Saturday, 8 July 2017

Double-banded Plovers – sandworm extraction

Recently on the sand islands in Jones Bay on the Gippsland Lakes I observed Double-banded Plovers hunting a species of sand worm.

Please click on photos to enlarge.

Double-banded Plovers, in non-breeding plumage, on the sand islands in Jones Bay.
This Plover was busy looking for worms buried in the sand. 

Once the bird’s sharp eyesight had found a worm, no doubt only just visible as they are mostly buried in the sand, the very delicate process of extracting the worm begins.

The bird has hold of a worm and the careful task of extracting the worm without breaking it has begun.
The bird changes position slightly and maintains a patient tension on the resisting worm.

The worms of course resist becoming a meal and a degree of tension is required to force the worms out of the holes in the sand. Too much tension and the worm will snap, leaving at best only half a meal for the Plover. Too little tension and the worm will not be extracted.

Here another Plover works at extracting a worm.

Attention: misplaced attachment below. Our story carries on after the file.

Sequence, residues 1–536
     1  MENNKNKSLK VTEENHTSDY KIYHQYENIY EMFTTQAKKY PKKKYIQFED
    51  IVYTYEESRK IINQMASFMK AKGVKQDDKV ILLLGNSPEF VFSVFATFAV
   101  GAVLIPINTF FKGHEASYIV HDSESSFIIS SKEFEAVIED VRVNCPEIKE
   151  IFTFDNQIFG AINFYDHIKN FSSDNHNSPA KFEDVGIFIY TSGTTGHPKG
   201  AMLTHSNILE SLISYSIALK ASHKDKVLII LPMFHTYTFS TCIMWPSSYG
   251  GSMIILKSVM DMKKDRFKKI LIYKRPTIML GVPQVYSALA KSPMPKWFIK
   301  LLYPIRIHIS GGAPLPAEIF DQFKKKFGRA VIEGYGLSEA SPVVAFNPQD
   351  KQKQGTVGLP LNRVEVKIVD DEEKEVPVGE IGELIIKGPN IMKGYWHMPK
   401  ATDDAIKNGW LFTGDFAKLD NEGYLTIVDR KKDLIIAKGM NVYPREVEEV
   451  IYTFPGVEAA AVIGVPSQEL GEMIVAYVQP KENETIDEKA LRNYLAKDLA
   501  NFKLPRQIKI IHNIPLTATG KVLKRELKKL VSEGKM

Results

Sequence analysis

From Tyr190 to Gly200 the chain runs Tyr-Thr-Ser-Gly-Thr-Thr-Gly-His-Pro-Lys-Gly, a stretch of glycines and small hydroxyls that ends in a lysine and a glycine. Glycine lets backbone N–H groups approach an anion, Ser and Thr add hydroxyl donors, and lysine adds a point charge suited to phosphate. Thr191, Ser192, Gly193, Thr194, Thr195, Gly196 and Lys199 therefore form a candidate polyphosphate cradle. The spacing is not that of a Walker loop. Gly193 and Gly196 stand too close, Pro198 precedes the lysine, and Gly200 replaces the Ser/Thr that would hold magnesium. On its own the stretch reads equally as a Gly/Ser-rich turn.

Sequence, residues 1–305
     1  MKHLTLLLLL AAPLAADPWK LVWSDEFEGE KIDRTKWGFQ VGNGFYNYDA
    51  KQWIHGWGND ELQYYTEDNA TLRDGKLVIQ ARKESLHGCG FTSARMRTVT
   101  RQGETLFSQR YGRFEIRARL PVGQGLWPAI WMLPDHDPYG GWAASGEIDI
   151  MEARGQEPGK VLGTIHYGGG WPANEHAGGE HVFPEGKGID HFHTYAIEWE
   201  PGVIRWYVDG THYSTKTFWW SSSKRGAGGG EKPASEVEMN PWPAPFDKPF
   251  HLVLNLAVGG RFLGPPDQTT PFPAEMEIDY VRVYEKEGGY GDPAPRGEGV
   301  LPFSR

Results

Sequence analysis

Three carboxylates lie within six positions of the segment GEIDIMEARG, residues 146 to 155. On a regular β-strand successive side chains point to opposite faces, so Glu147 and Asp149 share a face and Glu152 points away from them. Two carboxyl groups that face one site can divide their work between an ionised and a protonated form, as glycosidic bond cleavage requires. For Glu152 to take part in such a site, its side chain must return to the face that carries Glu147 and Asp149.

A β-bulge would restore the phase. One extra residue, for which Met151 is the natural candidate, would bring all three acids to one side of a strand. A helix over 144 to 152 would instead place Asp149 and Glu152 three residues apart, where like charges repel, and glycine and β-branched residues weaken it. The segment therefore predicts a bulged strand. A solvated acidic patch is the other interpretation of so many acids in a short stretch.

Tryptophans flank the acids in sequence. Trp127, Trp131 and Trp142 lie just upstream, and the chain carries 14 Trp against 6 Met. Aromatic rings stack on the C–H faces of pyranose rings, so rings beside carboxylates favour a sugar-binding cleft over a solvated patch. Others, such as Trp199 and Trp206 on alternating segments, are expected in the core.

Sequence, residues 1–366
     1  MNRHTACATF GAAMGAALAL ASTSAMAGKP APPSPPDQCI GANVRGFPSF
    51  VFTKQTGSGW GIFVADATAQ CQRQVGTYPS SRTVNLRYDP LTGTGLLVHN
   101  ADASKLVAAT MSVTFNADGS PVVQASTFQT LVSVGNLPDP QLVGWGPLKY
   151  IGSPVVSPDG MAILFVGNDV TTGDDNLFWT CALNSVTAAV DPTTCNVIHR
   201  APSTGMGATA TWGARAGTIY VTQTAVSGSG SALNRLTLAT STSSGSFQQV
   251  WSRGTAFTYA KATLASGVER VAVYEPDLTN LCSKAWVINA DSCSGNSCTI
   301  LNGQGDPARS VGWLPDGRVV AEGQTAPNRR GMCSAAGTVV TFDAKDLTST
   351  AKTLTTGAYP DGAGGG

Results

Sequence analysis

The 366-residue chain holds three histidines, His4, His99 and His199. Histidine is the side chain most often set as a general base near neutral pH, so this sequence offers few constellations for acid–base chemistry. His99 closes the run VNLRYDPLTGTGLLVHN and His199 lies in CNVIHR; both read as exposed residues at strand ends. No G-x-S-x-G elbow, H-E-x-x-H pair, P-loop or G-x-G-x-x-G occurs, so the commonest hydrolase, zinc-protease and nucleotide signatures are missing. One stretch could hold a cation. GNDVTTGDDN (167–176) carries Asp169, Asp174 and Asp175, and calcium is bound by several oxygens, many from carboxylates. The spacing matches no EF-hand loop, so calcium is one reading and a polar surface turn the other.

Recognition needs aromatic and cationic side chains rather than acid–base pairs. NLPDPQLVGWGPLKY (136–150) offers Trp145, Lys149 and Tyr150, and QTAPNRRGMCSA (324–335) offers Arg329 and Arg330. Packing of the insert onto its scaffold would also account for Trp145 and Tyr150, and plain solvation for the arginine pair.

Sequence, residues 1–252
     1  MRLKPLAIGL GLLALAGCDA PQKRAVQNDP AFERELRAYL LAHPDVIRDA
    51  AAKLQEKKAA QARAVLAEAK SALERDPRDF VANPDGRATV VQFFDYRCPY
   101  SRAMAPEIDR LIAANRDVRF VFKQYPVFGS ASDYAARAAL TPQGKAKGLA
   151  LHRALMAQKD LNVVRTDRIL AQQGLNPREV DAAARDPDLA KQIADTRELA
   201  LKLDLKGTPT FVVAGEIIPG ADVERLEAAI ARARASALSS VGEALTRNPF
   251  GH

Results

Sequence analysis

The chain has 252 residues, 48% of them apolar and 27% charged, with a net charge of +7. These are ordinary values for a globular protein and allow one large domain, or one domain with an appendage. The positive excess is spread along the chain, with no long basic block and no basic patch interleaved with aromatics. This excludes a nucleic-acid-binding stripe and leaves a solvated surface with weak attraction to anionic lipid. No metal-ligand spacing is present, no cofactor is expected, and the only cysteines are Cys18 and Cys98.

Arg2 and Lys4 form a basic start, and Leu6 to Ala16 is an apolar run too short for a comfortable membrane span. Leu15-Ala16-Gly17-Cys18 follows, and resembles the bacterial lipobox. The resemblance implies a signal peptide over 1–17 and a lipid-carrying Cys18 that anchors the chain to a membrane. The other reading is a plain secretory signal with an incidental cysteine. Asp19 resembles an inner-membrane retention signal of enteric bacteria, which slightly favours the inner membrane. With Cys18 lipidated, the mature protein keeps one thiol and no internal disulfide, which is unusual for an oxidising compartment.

With patience and carefully applied and maintained tension on the worm it eventually is forced to relax and it pops out like a recoiling spring.

This photo shows how the worm eventually relaxes and tension applied by the Plover causes the worm to contract like a rubber band and end up in coils around the bird’s bill.

I know animal intelligence can be a controversial topic, however watching the Double-banded Plovers deftly extracting worms from the sand I could not help thinking that I was witnessing the application of intelligence. I think the skill to extract worms is learnt and is not simply hard wired in the bird’s brain by genes. The process of extracting the whole worm requires the application of a very subtle amount of pressure which must be maintained with concentration and patience until the worm eventually yields.

The intelligent extraction of worms by the Double-banded plovers is just one of many ways birds display how smart they are.

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